Although you can make muscle gains on a calorie deficit, depending on the specifics of your situation, that may not be the ideal approach. Bodybuilders often do better with alternating bulk and shred cycles before a competition.
But if general weight loss is your goal, the idea of maintaining lean muscle mass while on a calorie deficit — or perhaps even building a bit of muscle — is more realistic and easier to maintain.
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If you combine the right exercise stimulus with appropriate nutrition, it is possible to build some muscle on a calorie deficit — although your first priority should be preserving the lean muscle mass you already have.
How Your Body Builds Muscle
For your muscles to undergo hypertrophy — another way of saying they get bigger — two conditions absolutely must be met. The first is the appropriate stimulus for muscular hypertrophy. As explained by the American Council on Exercise, that can be:
- mechanical (but minor) damage from a challenging lifting session,
- time spent under tension for your muscles, or
- metabolic fatigue — working your muscles to the point that they briefly run out of the fuel they need to contract.
The second factor your body needs to build muscle is adequate rest between training sessions. It's understandable to imagine that your muscles get stronger while you're lifting, but in truth they get stronger during the rest and recovery period between workouts. That's why experts recommend taking at least one full rest day between strength-training workouts for a given muscle group — and sometimes more if the workout was really intense.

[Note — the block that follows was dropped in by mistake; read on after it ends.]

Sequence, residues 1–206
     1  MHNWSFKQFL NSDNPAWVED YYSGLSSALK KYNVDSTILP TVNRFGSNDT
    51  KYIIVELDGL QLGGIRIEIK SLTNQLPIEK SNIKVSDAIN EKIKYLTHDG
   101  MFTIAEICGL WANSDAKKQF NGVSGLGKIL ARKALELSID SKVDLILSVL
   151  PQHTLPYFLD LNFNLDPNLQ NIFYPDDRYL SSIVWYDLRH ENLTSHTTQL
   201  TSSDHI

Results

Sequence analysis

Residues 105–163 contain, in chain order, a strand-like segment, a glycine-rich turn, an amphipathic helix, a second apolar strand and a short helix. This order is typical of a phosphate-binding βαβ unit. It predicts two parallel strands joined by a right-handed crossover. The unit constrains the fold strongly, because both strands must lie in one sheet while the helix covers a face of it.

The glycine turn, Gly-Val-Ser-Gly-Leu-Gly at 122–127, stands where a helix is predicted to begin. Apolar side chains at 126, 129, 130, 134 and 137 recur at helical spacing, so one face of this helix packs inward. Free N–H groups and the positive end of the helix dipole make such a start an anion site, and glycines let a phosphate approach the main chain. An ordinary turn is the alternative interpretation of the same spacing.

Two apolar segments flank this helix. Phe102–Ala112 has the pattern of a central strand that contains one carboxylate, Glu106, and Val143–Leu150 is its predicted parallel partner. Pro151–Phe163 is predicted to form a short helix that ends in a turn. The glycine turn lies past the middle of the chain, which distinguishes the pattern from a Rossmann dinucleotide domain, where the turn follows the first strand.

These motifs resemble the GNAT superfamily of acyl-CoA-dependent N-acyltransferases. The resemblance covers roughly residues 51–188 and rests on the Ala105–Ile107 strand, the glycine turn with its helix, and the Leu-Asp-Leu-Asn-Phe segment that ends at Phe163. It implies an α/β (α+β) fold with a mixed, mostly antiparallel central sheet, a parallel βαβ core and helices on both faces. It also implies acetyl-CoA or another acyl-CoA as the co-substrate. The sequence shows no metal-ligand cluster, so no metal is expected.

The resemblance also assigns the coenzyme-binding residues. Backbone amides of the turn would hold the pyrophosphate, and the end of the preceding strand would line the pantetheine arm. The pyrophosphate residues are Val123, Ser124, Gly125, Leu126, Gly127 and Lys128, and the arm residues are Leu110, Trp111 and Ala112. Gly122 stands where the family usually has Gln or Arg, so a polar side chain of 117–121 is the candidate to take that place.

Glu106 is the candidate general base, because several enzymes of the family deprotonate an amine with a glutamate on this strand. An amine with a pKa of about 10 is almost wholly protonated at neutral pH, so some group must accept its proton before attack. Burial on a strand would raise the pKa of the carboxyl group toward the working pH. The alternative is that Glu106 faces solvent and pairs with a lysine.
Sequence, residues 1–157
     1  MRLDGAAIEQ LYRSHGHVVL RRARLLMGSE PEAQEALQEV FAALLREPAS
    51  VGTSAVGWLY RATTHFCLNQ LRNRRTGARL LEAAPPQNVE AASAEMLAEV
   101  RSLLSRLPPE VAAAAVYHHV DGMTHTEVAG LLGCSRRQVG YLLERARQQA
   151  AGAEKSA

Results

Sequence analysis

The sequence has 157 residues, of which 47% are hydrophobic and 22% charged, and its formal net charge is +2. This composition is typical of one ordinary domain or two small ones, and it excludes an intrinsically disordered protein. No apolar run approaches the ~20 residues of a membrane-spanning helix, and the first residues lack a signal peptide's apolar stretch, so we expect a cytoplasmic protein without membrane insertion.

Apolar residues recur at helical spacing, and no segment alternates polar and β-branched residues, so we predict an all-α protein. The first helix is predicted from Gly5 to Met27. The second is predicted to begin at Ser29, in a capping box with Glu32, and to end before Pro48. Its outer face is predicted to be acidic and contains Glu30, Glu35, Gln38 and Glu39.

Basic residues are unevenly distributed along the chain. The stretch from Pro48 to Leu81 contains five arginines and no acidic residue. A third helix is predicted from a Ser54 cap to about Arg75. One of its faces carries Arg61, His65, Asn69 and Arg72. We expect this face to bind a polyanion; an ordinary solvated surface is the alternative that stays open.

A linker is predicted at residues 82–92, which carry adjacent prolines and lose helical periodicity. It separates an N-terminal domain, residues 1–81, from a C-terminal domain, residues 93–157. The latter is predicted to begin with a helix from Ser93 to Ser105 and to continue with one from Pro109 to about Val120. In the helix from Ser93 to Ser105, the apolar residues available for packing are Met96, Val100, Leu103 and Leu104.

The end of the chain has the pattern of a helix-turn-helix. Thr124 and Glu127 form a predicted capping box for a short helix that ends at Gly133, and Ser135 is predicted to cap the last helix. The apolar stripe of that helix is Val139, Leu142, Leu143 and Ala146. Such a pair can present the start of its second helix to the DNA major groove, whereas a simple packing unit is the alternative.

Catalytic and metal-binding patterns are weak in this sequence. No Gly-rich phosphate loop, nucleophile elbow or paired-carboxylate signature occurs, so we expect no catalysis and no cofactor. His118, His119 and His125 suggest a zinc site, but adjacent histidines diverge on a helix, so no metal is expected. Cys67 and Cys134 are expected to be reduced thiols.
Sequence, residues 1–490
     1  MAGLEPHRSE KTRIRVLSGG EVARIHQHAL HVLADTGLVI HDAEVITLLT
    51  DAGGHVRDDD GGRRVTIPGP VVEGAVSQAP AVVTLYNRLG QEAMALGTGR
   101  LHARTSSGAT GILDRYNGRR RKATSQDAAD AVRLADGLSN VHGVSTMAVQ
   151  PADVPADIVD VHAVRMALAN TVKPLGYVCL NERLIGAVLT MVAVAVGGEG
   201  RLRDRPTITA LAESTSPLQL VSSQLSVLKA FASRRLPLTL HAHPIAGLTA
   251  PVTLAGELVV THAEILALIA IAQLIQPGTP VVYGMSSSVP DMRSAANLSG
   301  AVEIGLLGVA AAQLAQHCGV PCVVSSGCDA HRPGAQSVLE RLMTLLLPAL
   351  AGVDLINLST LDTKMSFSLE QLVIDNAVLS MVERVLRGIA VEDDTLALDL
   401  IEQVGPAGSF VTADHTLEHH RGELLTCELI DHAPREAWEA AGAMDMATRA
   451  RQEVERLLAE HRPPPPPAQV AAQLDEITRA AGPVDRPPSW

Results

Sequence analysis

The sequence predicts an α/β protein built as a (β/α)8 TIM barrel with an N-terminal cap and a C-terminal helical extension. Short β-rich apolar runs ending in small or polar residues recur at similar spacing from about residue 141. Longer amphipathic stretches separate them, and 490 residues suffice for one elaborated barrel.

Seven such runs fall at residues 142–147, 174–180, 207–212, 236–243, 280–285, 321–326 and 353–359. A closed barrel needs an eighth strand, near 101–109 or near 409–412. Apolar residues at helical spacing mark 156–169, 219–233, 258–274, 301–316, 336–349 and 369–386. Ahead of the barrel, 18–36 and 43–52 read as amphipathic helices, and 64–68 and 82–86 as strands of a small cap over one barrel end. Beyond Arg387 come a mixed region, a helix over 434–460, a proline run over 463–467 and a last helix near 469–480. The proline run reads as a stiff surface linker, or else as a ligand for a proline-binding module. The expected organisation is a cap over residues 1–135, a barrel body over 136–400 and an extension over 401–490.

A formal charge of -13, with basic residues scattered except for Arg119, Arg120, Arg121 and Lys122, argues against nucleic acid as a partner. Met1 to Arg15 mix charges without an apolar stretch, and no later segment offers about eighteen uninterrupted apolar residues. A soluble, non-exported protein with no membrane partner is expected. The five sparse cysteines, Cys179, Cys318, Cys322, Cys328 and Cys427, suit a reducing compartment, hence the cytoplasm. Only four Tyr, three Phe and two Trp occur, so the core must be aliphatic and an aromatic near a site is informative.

There is a third factor at play: Your nutrient and calorie intake. As the International Sports Sciences Association explains, the ideal conditions for muscular hypertrophy involve a small calorie surplus, which frees up the nutrients and energy for your body to restructure your muscles to be bigger and stronger than they used to be.
Gains on a Calorie Deficit
That doesn't mean you can't build muscle, and stay healthy, while on a caloric deficit. But you should restrict your deficit to the healthy 500 to 750 calories fewer per day recommended by the National Heart, Lung and Blood Institute. If you keep that up over time, it'll lead to a weight loss of 1 to 1.5 pounds per week.
You can push it a little more — the Centers for Disease Control and Prevention describe a healthy rate of weight loss as 1 to 2 pounds per week — but taking the weight loss faster than that reduces your potential for gaining muscle and also endangers your long-term weight loss, because weight that you lose through unsustainable "crash diet" methods often comes back with a vengeance.